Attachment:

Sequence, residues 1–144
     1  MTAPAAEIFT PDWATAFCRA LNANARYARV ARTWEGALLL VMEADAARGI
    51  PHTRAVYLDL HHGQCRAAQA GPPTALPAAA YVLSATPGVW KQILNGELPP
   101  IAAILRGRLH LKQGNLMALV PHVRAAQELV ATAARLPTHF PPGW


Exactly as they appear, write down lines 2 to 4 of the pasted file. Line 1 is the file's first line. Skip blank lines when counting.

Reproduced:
     1  MTAPAAEIFT PDWATAFCRA LNANARYARV ARTWEGALLL VMEADAARGI
    51  PHTRAVYLDL HHGQCRAAQA GPPTALPAAA YVLSATPGVW KQILNGELPP
   101  IAAILRGRLH LKQGNLMALV PHVRAAQELV ATAARLPTHF PPGW